“Section 235-6 of the Real Property Law imposes on all owners of residential property (the cooperative corporation is the owner of the property in a cooperative and each shareholder is a tenant) the obligation to ensure tenants are not subjected to ‘any conditions, which would be dangerous, hazardous or detrimental to…safety.’ To the extent the bikes, skates or strollers present some hazard, then the cooperative would be required to abate the condition,” says Abbey Goldstein, Esq., of the law firm of Goldstein & Greenlaw, LLP, in Kew Gardens.
“Furthermore, the house rules of most co-ops specifically provide that ‘no article will be placed in the halls.’ The only exception is that sneakers of children under 12, which have run into conflict with dog poop, may be kept in the hall in a plastic bag to guard against foul odors.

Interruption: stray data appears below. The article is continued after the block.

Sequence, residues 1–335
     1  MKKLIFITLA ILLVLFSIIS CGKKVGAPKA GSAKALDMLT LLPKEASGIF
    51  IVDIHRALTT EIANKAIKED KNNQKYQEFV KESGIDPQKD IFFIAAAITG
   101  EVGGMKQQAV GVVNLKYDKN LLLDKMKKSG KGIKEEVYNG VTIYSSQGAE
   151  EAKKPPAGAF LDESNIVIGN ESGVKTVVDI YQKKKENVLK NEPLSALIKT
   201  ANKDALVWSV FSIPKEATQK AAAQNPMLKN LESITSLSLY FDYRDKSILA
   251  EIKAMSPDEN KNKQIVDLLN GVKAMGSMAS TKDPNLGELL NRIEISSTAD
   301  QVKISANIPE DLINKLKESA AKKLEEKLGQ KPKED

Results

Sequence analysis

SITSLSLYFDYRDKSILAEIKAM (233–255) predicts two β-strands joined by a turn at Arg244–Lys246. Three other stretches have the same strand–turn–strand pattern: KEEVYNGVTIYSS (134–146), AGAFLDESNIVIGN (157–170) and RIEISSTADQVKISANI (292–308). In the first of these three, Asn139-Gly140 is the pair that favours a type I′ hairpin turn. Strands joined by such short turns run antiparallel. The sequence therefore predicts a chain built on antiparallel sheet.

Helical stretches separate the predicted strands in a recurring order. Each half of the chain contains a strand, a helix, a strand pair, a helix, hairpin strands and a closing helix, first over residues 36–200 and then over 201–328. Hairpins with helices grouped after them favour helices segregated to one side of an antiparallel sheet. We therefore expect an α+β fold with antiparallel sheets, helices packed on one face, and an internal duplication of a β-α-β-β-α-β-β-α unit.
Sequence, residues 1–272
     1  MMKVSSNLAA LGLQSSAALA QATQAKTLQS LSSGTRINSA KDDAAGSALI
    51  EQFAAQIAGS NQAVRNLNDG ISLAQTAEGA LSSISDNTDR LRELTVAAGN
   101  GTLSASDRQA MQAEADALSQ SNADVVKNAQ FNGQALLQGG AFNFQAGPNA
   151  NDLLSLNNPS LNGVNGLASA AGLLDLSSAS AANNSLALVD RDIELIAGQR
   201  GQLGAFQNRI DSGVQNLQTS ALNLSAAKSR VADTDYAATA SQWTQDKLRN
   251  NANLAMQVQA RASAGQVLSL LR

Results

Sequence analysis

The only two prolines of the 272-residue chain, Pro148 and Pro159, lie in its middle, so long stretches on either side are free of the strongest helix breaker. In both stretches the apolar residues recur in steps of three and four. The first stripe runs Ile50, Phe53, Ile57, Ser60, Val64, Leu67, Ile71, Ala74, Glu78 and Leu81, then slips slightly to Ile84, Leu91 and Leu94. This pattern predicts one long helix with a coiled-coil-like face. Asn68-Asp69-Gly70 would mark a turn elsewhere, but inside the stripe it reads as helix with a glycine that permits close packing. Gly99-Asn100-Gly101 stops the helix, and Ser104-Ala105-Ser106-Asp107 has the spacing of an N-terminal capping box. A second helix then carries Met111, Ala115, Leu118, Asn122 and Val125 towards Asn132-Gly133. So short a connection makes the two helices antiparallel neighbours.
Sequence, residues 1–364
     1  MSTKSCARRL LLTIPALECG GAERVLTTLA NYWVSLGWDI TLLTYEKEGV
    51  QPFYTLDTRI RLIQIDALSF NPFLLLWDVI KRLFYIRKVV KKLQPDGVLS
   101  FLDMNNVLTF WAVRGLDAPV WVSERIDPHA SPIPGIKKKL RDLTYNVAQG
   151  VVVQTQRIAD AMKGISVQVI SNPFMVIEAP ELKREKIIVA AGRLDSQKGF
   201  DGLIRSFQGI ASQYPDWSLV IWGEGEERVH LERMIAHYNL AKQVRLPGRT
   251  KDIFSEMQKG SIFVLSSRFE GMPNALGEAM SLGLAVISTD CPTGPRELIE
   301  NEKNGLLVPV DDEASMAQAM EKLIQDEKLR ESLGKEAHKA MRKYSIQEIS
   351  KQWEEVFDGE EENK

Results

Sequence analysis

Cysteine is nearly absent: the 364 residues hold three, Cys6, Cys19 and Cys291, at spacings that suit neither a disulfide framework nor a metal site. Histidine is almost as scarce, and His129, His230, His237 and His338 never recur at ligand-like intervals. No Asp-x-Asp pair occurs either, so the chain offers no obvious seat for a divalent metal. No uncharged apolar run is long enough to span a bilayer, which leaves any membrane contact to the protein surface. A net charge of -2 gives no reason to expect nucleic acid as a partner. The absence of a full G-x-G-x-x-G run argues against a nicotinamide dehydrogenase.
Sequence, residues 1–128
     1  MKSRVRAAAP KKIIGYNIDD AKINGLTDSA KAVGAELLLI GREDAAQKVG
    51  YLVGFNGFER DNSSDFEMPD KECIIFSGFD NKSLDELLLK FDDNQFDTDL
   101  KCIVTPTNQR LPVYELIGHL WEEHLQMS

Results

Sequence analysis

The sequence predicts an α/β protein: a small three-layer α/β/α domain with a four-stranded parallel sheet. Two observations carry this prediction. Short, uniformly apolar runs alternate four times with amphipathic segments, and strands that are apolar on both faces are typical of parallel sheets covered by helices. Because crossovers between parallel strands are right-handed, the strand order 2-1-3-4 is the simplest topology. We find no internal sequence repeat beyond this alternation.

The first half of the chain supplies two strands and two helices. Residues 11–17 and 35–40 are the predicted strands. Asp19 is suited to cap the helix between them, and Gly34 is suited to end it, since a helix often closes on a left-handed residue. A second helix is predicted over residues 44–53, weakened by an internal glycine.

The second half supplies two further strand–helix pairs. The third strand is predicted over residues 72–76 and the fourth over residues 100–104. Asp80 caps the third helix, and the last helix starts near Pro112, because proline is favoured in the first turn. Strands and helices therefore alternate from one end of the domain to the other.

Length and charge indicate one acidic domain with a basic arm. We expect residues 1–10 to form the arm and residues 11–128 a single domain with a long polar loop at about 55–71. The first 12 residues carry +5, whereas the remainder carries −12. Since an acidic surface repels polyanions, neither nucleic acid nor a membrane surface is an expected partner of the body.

“To the extent that the house rules do not have a provision applying to leaving items in the hall, the board can pass such a rule by simple majority vote at a board meeting where a quorum is present.
“The board should correspond with the offending residents, and it has the authority to take legal action, if necessary. The first step you should take is to speak with your neighbors in the hope it can be dealt with amicably. If that doesn’t work, a letter to the management company would be appropriate. The managing agent should write the offending individual(s). However, if that fails they might choose to remove the items (not the sneakers) or commence a legal action (this would usually be overkill for the kind of offense described.)”